On the edge of a desert in far western China, an imposing building sits behind a fence topped with barbed wire. Large red characters on the facade urge people to learn Chinese, study law and acquire job skills. Guards make clear that visitors are not welcome.
Inside, hundreds of ethnic Uighur Muslims spend their days in a high-pressure indoctrination program, where they are forced to listen to lectures, sing hymns praising the Chinese Communist Party and write “self-criticism” essays, according to detainees who have been released.
The goal is to remove any devotion to Islam.
Abdusalam Muhemet, 41, said the police detained him for reciting a verse of the Quran at a funeral. After two months in a nearby camp, he and more than 30 others were ordered to renounce their past lives. Mr. Muhemet said he went along but quietly seethed.
“That was not a place for getting rid of extremism,” he recalled. “That was a place that will breed vengeful feelings and erase Uighur identity.”
The Chinese authorities have had to deal with some Islamic extremism in recent years, but how can anything justify this?:
A resident or local cadre is assigned to monitor every 10 families in Xinjiang, reporting on comings and goings and activities deemed suspicious, including praying and visits to mosques, according to residents and government reports. Residents said the police sometimes search homes for forbidden books and suspect items such as prayer mats, using special equipment to check walls and floors for hidden caches.
The authorities are also gathering biometric data and DNA. Two Uighurs, a former official and a student, said they were ordered to show up at police buildings where officers recorded their voices, took pictures of their heads at different angles and collected hair and blood samples.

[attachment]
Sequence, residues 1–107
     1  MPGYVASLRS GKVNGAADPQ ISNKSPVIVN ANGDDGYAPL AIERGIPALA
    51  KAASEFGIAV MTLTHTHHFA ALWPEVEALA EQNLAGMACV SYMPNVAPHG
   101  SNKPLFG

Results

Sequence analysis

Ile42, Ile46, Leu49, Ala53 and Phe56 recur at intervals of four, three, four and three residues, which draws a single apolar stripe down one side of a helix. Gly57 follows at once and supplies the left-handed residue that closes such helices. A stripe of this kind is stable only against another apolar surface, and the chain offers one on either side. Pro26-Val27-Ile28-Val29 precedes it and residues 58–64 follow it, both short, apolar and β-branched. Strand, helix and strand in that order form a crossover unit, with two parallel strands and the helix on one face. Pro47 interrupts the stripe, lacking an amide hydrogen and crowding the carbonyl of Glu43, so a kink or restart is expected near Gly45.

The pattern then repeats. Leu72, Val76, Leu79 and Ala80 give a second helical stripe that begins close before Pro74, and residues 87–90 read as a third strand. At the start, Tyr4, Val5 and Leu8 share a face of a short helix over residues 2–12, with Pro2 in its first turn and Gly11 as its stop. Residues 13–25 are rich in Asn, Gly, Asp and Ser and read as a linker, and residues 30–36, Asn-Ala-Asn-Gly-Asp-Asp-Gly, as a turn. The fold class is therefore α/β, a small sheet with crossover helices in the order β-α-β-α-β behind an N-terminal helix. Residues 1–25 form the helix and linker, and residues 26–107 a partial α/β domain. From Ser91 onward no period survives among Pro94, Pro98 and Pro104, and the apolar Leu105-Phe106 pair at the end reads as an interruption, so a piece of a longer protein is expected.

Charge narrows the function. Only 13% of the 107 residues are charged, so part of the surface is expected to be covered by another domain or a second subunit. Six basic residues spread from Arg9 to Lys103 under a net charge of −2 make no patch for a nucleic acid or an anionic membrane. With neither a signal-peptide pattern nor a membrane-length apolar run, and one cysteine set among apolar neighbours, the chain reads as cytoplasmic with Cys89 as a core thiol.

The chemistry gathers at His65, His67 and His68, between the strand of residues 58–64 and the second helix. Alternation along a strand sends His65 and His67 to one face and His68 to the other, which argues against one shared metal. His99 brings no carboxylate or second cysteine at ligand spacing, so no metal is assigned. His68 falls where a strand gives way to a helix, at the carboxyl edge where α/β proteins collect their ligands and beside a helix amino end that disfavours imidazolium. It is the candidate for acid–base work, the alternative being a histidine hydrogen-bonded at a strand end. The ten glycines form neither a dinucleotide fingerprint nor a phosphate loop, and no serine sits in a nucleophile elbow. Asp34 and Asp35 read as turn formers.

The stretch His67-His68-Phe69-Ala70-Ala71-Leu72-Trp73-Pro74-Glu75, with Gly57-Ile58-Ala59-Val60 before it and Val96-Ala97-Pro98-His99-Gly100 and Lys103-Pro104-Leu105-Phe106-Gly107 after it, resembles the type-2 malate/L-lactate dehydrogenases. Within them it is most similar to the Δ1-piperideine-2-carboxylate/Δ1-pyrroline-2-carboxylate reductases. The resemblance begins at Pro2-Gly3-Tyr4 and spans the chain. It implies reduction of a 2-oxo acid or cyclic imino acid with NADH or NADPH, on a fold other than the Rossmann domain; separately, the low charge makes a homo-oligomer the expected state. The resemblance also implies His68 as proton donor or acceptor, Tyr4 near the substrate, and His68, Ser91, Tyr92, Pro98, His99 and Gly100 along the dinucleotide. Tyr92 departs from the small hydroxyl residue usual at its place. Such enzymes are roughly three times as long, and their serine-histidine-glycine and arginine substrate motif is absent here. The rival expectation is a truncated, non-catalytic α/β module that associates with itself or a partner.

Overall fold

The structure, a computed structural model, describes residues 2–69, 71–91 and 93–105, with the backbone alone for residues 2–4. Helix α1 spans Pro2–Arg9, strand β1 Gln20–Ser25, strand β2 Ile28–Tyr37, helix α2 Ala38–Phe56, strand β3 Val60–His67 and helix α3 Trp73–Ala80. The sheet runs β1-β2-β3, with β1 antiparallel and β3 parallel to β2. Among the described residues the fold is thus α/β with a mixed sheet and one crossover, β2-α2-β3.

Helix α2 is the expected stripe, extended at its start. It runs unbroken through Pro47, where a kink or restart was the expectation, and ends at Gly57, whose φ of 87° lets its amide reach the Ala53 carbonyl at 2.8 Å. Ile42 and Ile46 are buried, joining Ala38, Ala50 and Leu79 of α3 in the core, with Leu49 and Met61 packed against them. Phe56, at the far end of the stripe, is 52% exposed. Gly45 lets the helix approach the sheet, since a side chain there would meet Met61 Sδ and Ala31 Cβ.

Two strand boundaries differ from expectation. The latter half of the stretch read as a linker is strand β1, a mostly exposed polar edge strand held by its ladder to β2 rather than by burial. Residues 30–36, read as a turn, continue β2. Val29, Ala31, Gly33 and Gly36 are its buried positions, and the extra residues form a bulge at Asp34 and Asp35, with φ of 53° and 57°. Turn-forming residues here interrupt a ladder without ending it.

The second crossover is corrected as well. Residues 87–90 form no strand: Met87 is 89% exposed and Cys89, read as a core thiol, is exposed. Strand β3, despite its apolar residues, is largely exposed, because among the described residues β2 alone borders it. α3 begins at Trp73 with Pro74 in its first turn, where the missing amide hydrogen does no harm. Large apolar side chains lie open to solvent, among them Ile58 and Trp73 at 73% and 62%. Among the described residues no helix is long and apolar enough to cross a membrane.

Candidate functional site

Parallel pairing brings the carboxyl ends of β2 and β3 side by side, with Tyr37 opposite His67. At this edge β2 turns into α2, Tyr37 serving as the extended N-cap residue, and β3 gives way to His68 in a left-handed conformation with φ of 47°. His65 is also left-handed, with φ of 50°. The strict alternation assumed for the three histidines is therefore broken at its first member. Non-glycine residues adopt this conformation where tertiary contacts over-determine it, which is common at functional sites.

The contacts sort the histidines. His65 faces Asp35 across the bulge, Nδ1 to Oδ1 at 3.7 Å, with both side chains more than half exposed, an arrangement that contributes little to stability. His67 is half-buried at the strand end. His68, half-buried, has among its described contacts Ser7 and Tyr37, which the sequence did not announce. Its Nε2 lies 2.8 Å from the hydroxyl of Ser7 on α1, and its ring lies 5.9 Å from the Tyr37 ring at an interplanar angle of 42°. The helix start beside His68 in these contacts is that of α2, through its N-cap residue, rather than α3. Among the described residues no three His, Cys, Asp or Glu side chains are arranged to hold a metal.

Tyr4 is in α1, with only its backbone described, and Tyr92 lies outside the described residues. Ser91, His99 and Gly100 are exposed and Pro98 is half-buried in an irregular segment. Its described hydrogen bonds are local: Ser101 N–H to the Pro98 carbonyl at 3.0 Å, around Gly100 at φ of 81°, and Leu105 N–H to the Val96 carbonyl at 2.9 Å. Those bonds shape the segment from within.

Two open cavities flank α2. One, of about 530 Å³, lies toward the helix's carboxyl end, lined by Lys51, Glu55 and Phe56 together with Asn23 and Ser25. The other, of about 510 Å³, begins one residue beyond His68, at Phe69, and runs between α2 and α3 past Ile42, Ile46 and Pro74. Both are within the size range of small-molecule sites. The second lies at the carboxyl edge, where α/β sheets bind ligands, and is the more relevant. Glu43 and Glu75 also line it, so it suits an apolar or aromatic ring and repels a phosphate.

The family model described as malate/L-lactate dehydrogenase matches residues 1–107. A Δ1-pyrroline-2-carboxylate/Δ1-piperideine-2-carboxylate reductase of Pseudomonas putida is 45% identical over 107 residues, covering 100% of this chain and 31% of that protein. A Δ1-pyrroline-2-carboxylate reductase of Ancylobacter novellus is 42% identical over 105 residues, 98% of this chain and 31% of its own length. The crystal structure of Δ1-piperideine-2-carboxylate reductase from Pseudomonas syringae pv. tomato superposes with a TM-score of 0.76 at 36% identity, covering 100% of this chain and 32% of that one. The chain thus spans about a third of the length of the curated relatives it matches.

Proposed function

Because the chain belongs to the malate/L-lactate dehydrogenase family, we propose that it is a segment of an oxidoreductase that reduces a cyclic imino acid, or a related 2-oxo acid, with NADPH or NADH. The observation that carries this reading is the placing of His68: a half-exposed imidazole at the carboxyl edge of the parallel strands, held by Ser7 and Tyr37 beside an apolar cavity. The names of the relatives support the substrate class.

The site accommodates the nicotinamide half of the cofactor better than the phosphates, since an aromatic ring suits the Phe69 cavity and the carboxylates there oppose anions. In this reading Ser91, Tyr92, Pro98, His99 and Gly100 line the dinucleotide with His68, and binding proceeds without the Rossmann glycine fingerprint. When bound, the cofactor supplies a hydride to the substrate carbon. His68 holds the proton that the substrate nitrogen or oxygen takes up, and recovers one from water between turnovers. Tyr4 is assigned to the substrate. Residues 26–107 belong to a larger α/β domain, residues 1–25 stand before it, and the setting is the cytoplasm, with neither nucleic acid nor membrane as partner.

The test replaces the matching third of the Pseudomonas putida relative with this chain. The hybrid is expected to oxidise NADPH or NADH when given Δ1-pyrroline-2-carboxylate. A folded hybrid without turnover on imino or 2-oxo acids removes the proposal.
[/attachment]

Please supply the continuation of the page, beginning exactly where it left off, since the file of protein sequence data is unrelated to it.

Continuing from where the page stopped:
The pressure on Uighur villages intensifies when party “work teams” arrive and take up residence, sometimes living in local homes. The teams ask villagers to inform on relatives, friends and neighbors, and they investigate residents’ attitudes and activities, according to government reports published online.
One account published last year described how the authorities in one village arranged for detainees accused of “religious extremism” to be denounced by their relatives at a public rally, and encouraged other families to report similar activities.
“More and more people are coming forward with information,” Cao Lihai, an editor for a party journal, wrote in the report. “Some parents have personally brought in their children to give themselves up.”
Read the whole thing. Please, do read it all. It is absolutely horrifying. The Chinese government is trying to exterminate their religion and culture. One could not blame Beijing for fighting against Islamic radicalization, and Islamist violence, but this is like dropping a nuclear bomb on a city to wipe out a terror cell.
If they do it to Muslims, they’ll do it to Christians, and anybody else who gets in their way. Notice especially the Total Surveillance State: using DNA, as well as putting cameras in people’s houses. It is utterly horrifying.